Market Round-up 5 - 9 October

Thomas Watts


This week

During a week which saw the UK government consider tightening its lockdown sanctions further, it was no surprise that the leisure industry suffered the most as restaurants, pubs and in particular cinema chains, bore the brunt of investor selling. However, by the end of the week, a stronger projected economic backdrop helped much of UK PLC to outperform its international peers. 

Monday saw Cineworld shares nearly half as the cinema chain admitted it was considering closing all UK and US screens. The company was left reeling as more big Hollywood studios delayed the releases of their flagship franchises. However, the situation the sector finds itself in aside, investors chose to focus on the bigger picture, pushing indices higher throughout the week as they did so. 

Service sector data for September showed Britain’s economy proved more resilient than initially thought despite a tightening of lockdown restrictions and an end to a temporary government subsidy for businesses. With a reading of over 50 indicating expansion, a strong 56.1 led investors to rejoice, beating analysts’ predictions of 55.1 and showing a positive trend for the third consecutive month. Growth was supported by another upturn in new work amid reports that market conditions continued to improve. However, growth across the services sector was uneven, with gains principally focussed on areas such as business-to-business services and not those that featured physical consumer contact. 

Thursday also gave more reason for investor cheer as indices in Europe moved higher, buoyed by positive broker upgrades on advertising agents, a sector known to be highly cyclical. An upgrade by Goldman Sachs to "buy" helped German television network ProSieben jump 5.1% higher, while Publicis rose 2.4% after the U.S. investment bank said it expects the French ad firm to outperform global peers in the third quarter. The good news also stretched to domestic shores as advertising FTSE 100 behemoth WPP enjoyed strong gains throughout the week. 

It was not just the large caps which were enjoying a swing in positive sentiment, as the midcap FTSE 250 rose to its highest level in nearly two months on Thursday. The Bank of England Governor’s comments that he believed Britain and the European Union should be able to reach a trade deal, and that he did not expect the new wave of COVID-19 cases to be as damaging to the economy as the first were a major cause for refreshment. This, combined with a raft of positive earnings reports showing that UK PLC was recovering from the worst of the outbreak, also helped the pound to push over 1.29 against the USD.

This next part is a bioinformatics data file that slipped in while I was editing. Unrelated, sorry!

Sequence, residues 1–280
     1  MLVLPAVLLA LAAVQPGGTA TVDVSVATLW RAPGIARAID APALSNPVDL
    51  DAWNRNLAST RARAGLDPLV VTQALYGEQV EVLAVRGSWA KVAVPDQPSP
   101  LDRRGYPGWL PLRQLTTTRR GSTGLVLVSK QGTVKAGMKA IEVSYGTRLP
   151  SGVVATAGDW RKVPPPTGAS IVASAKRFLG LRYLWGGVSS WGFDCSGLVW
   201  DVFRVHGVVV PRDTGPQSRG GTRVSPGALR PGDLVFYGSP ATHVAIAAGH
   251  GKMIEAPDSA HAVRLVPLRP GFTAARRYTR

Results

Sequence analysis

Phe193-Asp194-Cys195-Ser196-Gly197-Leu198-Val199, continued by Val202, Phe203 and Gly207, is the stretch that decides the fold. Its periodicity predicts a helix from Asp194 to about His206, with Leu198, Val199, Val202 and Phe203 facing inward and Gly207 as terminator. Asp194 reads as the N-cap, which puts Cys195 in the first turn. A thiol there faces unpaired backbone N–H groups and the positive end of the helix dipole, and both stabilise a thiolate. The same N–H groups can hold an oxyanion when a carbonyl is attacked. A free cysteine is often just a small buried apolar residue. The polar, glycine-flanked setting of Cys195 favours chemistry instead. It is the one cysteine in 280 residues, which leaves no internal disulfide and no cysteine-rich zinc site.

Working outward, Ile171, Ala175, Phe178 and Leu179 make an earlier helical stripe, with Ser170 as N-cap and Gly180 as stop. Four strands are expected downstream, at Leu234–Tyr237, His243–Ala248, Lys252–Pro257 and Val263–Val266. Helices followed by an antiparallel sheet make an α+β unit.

Next week

The coming week should see an unusually quiet start as US markets remain closed in observance of Columbus Day, potentially resulting in thinner trading volumes and smaller market moves as Americans take the day off. 

Much like Columbus’s original voyages, sailing from continental Europe and one way or another ending in the Americas, so will investors’ attention switch across the Atlantic as the week progresses. Tuesday will see the release of German ZEW Economic Sentiment data, which should provide something of a barometer for the bloc as a whole, being the largest economy in continental Europe. The survey includes about 300 German institutional investors and analysts who are asked to rate the relative six-month economic outlook for Germany. Through the nature of their jobs, institutional investors are better informed than most about the state of the economy and their views carry much more weight. Changes in their sentiment can often be a signal of future economic activity. As a reference point, any reading above 0.0 indicates optimism with a record low (-49.5) coming in March this year when sentiment crashed during the onset of the Coronavirus in Europe. However, since that nadir, sentiment has very much been on the rise, with a positive reading every month subsequently, outperforming analysts’ predictions each and every time. 

Arriving in the new world on Friday, we are treated to US Core Retail Sales data, detailing the change in the total value of sales at the retail level, with volatile automobile sales striped out. This ‘core’ data should provide a better illustration of consumer spending habits and should also allow us to predict future inflation rates more accurately. 

The end of the week sees the G20 nations coming together for their Autumn summit, presumably held over videoconferencing facilities this time around. The meeting will be attended by finance ministers and central bankers alike from the 20 largest industrialised nations, including the G7 nations - Canada, Italy, France, Germany, Japan, the UK, and the US. The meetings are closed to journalists, but officials usually give hints to reporters throughout. A formal statement covering all policy shifts and meeting objectives is released after the meetings have concluded. The entire summit is expected to last until Sunday.